Stevens Student Journeys to the Land of Oz for an Internship at a Medical Startup
Last year at this time, Stevens mechanical engineering junior Christina McDonald was taking steps to secure a summer internship overseas.
With some direction and guidance from the university’s career center staff and office of international programs, she found the perfect opportunity on the other side of the world: at Bespoke Medical Innovations, a startup that specializes in custom medical products, based in Australia.
Working in the company’s ApneaSeal division, which designs and produces individualized 3D printed masks for customers suffering from sleep apnea, McDonald gained an international experience and immersion into the medical products industry over the course of three months this past summer.
“It was the best of both worlds – experiencing another country’s culture while gaining professional experience – and I loved every second of it."
From Hoboken to Sydney: embracing a new city and new opportunities
Although this was a “summer” internship, McDonald had to adjust to the cooler temperatures and shorter days of winter down under. The West Orange, New Jersey native is used to big cities. After all, New York City looms large across Stevens’ Hudson River location. Still, the immense size of Sydney made getting the lay of the land a bit of a challenge.
“Google maps was my absolute best friend, but I got the hang of it. I typically left at the same time and took the same buses to get to work.”
In Sydney, McDonald never tired of the city’s famous attractions such as its iconic bridge and opera house, as well as its signature beach – Bondi Beach – where she went surfing. She also explored areas outside Sydney, including Australia’s other famous city.
“I went to the Blue Mountains which is absolutely breathtaking. I also went dolphin watching in Port Stevens and traveled to Melbourne on my own. It’s a city that is a lot smaller than Sydney with a distinctive personality that I really enjoyed.”
Right from the beginning, she was told by her supervisor that working for a startup company would keep her busy. That certainly held true, she says, adding that anyone seeking a meaningful hands-on learning experience should jump at the chance to work for a startup company.
“Whether it was using photogrammetry and CAD software, learning to code in Python and HTML, making phone calls to customers, or training interns who started two months after I did, I can say I had a hand in just about every part of the business,” she said.
When she interviewed with Bespoke over Skype, she was offered the internship on the spot. McDonald didn’t know at the time how competitive the field was.
“I learned later on from employees there that they actually interviewed a lot of people. So the fact that they offered me the job during the interview was a good sign they felt pretty confident about my qualifications.”
Creating a roadmap for post-graduate success
A natural goal setter, McDonald came to Stevens with clear objectives. With an eye toward a career in the medical field, she began as a biomedical engineering major. But that changed when she proactively tapped into one of the university’s crowning resources – its highly regarded career center.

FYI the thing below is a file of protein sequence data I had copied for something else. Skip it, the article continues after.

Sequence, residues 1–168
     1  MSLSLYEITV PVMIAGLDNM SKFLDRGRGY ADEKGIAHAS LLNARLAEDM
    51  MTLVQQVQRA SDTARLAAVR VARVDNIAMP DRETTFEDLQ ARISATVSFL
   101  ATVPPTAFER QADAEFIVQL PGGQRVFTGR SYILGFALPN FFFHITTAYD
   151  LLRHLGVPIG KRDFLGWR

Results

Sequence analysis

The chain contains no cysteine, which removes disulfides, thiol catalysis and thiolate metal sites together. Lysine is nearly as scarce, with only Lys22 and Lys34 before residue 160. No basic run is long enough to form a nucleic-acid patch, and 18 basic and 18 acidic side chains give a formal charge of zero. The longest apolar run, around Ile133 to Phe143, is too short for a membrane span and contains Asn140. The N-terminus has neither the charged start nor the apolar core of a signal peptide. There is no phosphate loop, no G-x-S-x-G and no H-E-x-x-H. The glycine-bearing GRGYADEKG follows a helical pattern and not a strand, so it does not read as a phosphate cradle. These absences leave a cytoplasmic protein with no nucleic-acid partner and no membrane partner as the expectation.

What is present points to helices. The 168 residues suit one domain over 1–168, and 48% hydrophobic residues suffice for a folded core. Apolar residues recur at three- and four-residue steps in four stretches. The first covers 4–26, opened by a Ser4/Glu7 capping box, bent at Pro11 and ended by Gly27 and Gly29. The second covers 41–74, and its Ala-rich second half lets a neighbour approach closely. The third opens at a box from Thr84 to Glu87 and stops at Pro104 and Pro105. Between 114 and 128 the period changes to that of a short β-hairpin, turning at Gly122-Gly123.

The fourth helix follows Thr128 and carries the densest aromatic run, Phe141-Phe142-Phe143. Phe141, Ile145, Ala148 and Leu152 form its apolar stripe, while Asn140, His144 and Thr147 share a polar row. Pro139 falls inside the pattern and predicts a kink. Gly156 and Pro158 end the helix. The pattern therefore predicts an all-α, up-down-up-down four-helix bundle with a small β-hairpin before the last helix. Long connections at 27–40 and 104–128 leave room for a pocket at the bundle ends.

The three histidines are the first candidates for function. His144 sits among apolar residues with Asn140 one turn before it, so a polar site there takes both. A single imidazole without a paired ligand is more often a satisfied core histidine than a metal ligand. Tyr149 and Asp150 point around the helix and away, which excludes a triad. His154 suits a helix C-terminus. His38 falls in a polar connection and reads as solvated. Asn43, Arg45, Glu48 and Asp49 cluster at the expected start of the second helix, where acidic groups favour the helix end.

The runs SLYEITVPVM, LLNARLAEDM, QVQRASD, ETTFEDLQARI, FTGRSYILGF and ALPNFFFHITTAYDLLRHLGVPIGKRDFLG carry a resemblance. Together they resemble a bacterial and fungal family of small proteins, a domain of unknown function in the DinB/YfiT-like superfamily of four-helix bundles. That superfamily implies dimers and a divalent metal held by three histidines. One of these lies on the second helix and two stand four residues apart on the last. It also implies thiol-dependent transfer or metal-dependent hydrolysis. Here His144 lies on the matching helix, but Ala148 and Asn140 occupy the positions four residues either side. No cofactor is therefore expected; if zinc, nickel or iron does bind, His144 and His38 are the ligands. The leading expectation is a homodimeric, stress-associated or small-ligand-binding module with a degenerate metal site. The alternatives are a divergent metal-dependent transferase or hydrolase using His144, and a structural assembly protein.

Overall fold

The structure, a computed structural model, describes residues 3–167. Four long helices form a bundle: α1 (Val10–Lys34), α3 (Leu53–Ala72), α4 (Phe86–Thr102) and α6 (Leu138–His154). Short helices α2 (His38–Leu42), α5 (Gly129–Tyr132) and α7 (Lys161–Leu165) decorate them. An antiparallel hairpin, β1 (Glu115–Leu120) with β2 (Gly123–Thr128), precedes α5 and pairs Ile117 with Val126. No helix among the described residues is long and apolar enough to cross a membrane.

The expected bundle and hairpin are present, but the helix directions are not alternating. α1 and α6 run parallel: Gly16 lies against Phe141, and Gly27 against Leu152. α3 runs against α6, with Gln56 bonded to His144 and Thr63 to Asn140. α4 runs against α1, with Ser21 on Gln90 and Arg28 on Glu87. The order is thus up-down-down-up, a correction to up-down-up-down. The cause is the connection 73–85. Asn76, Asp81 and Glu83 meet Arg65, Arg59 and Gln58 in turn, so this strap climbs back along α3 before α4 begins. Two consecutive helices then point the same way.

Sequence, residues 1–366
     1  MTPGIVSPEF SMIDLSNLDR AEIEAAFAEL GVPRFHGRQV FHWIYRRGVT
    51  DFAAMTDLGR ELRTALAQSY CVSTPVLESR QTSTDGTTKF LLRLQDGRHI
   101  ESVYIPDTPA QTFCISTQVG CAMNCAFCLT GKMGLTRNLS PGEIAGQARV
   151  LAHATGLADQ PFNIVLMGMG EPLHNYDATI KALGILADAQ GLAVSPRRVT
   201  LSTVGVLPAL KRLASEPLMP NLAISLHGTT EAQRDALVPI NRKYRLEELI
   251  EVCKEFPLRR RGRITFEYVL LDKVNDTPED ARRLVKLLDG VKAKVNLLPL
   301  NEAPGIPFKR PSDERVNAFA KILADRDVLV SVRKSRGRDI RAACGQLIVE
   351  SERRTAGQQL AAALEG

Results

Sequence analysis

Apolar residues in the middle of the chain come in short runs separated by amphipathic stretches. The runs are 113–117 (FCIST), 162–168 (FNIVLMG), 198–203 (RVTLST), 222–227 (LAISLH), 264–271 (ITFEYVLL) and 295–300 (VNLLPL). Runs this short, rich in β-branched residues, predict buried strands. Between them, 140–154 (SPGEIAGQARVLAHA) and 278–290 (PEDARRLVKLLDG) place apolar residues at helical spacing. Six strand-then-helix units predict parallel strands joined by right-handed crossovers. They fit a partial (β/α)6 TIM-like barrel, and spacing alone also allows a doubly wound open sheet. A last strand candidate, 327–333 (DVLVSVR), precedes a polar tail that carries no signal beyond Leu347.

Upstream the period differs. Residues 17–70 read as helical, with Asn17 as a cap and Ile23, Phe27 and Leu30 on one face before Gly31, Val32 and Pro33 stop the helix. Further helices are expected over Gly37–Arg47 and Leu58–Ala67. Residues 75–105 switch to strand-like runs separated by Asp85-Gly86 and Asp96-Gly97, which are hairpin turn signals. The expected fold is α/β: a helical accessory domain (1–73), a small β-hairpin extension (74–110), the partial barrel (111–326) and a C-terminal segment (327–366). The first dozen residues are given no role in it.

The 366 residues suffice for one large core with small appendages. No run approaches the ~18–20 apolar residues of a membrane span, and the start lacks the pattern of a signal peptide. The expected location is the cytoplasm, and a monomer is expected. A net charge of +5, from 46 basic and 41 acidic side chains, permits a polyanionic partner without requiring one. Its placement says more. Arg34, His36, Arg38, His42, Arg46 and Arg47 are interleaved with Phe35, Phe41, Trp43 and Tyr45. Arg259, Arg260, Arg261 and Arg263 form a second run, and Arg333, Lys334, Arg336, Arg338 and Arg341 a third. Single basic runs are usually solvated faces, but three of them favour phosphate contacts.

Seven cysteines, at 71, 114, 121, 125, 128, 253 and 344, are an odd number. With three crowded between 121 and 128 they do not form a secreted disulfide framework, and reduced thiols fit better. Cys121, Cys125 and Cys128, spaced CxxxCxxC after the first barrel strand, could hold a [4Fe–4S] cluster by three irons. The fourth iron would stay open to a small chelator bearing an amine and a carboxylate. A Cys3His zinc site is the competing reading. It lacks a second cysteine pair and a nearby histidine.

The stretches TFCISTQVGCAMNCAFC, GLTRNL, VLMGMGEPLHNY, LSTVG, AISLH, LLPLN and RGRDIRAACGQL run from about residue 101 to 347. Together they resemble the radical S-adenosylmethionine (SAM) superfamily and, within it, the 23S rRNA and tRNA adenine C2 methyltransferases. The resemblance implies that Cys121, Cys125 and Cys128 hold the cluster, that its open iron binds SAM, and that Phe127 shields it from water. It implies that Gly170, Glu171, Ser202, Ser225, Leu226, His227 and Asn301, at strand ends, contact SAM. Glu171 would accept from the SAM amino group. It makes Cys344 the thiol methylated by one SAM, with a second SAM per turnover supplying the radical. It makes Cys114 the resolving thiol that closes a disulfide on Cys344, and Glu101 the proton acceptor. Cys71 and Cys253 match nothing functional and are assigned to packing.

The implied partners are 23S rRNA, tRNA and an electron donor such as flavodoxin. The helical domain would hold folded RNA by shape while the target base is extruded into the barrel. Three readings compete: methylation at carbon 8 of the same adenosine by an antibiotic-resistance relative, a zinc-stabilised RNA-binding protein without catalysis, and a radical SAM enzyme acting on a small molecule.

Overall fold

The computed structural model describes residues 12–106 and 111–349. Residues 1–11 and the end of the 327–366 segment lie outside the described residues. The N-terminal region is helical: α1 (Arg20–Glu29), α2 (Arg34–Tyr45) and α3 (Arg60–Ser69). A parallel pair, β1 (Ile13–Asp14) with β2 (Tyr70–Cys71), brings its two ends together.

“After my first year, I realized I was more interested in prosthetics. So I sought advice from the people who interact regularly with employers. The career center staff told me that companies in the prosthetics industry usually look for candidates with a mechanical engineering background. So that’s what I ended up switching my major to, with a biomedical concentration.”
In addition to coursework, McDonald knew she wanted work experiences that would set her on the right career path. She also wanted an experience that was global so she attended the study abroad fair, held twice a year on campus.
“There are a wide variety of opportunities to intern or conduct research abroad, as well as the opportunity to apply for a scholarship from the Four Fund, which was specifically created to help Stevens students get experience working abroad,” explained Susi Rachouh, director of the office of international programs at Stevens.
McDonald signed up for an internship program in Australia through Stevens-affiliated CISabroad, eventually applying to Bespoke for a summer internship.
At Bespoke, McDonald received plenty of one-on-one opportunities and mentoring with each of the seven members of the small staff, giving her insight into how the entire company operated.
“I learned from the chief strategist about how they have to present themselves to investors in terms of how much information to share. I also got to see the regulations-side of the business because I was involved in creating a database of all their documentation toward becoming FDA certified.”
She also had her choice of hands-on projects to work on.
“I chose a research project to determine if a smartphone could capture the same perfect resolution photos as the current device they use to take pictures of a patient’s face in creating a 3D printed mask. My supervisor would check on the team’s progress each week but we had a lot of freedom with that.”
At the end of her internship, McDonald says she became more certain than ever about pursuing a career in the medical field and is, in fact, already looking ahead toward her next summer internship.
“I have a more defined idea of what my end goal is now that I have real world experience. And I know what’s important in terms of my education and what I really need to focus and work hard on.”
More importantly, she says, the experience taught her to be open to possibilities.
“What I learned, if anything, is to not limit myself or let fear keep me from trying something because I might end up really enjoying it and that may lead to a great opportunity.”